The Sears store seen earlier in the blog, well past its former glory (Image: TallGeorge).

City Center Mall, c. 1990 (Image: Ohio Memory).

The other Columbus mall we’re looking at opened as Northland was beginning its decline. Though originally suggested in 1974, City Center Mall didn’t open its doors in downtown Columbus until August 18, 1989, and to huge fanfare. Official estimates were that over 60,000 shoppers flocked to the center by 4pm with estimates ranging up to 100,000 by the end of that first day. It had a total size of over 1.2 million square feet of retail space on three floors making it the largest of the Columbus malls with over 100 retail shops. It also had an iconic tiered seating area at the center of the mall (seen in the photo above). The main anchors of City Center were Marshall Field’s, Jacobson’s and Brooks Brothers, with an enclosed walkway over to the flagship Lazarus store.

City Center as a thriving, urban mall c. 1990 (Image: Ohio Memory).

The opening ceremony for City Center was a huge event. The production company tasked with opening the mall in grand style previously created the annual Christmas show at Radio City Music Hall in New York, as well as events at Disneyland and Disney World. They formed a band called the City C’entertainers just for the occasion!

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Though the people of Columbus loved the new mall right downtown, by December of 1989, just a few months after opening, the Capitol South project owed the city $42.4 million dollars. There were also numerous lawsuits by the construction companies involved, saying they weren’t paid fully by the Capitol South project! Five years later, though, all seemed well. City Center had grown to 150 stores, many of which were only found at the center. City Center was considered a premier shopping destination, and really tried to match the opulence that you would find at malls in other large cities like New York and Chicago.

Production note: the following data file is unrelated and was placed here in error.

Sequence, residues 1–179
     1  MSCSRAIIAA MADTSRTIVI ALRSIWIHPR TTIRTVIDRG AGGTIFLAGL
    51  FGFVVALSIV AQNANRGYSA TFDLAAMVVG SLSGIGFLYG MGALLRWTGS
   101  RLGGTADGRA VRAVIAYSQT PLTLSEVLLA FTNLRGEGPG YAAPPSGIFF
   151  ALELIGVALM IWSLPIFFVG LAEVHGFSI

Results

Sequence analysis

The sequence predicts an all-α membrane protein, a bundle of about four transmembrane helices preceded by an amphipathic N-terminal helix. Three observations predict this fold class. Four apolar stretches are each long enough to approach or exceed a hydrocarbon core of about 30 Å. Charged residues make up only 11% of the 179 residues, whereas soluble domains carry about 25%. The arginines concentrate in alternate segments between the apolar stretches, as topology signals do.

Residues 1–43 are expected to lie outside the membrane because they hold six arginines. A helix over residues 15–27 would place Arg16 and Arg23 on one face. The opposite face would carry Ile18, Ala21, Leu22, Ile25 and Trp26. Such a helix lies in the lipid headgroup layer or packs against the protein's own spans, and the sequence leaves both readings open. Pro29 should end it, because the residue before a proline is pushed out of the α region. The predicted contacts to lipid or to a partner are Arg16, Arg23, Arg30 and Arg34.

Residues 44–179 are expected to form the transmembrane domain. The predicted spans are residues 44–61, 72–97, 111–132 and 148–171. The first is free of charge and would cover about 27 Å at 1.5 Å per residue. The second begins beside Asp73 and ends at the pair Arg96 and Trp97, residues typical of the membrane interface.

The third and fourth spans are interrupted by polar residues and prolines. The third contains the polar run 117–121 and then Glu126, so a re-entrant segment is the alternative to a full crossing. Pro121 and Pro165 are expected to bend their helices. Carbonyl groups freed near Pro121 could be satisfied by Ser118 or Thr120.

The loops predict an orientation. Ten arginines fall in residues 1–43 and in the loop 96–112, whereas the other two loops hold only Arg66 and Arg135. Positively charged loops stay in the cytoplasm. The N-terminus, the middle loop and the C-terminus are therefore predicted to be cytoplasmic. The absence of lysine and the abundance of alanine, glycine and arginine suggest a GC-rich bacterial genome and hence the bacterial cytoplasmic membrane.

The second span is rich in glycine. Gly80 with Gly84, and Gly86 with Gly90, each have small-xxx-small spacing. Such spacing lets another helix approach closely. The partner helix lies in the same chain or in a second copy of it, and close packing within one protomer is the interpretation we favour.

High Street City Center entrance, c. 1990 (Image: Columbus Metropolitan Library).

City Center’s good fortune was not to last. In 2002, Jacobson’s went bankrupt, closing all its stores. In 2004, Lazarus, after 153 years of business in Columbus, closed its doors. This left City Center with only one anchor store left: Kaufmann’s (later acquired and rebranded by Macy’s), which had replaced Marshall Field in 2003. After years of decline and competition from newer suburban shopping centers, Columbus City Center closed its doors in November of 2007. After several years of change in ownership and lawsuits from the City of Columbus, demolition of Columbus City Center began in October of 2009 and was completed in March of 2010. In mid-2010, construction of the Columbus Commons Park began and opened to the public the following Memorial Day on May 26, 2011.

City Center mid-demolition, ca. 2009-10 (Image: All Columbus Data).

For more information about shopping malls in the United State and Columbus:

https://www.newyorker.com/magazine/2004/03/15/the-terrazzo-jungle

https://www.curbed.com/2014/6/11/10090762/how-the-cold-war-shaped-the-design-of-american-malls

https://www.dispatch.com/news/20120813/columbus-mileposts–aug-13-1964-northland-mall-opens-and-50000-come-to-shop

http://www.columbusceo.com/content/stories/2014/06/08/a-brief-history-of-columbus-shopping-centers.html

https://www.dispatch.com/photogallery/OH/20170819/PHOTOGALLERY/303009997/PH/1

Discussion Questions:

  • How do your students go shopping now?

  • What are the advantages and disadvantages to online shopping? What about to a shopping mall? 

  • What would a shopping mall need to do to survive in today’s retail market? What would its marketing look like? What about its physical space?

 

Posted January 3, 2019
Topics: All Topics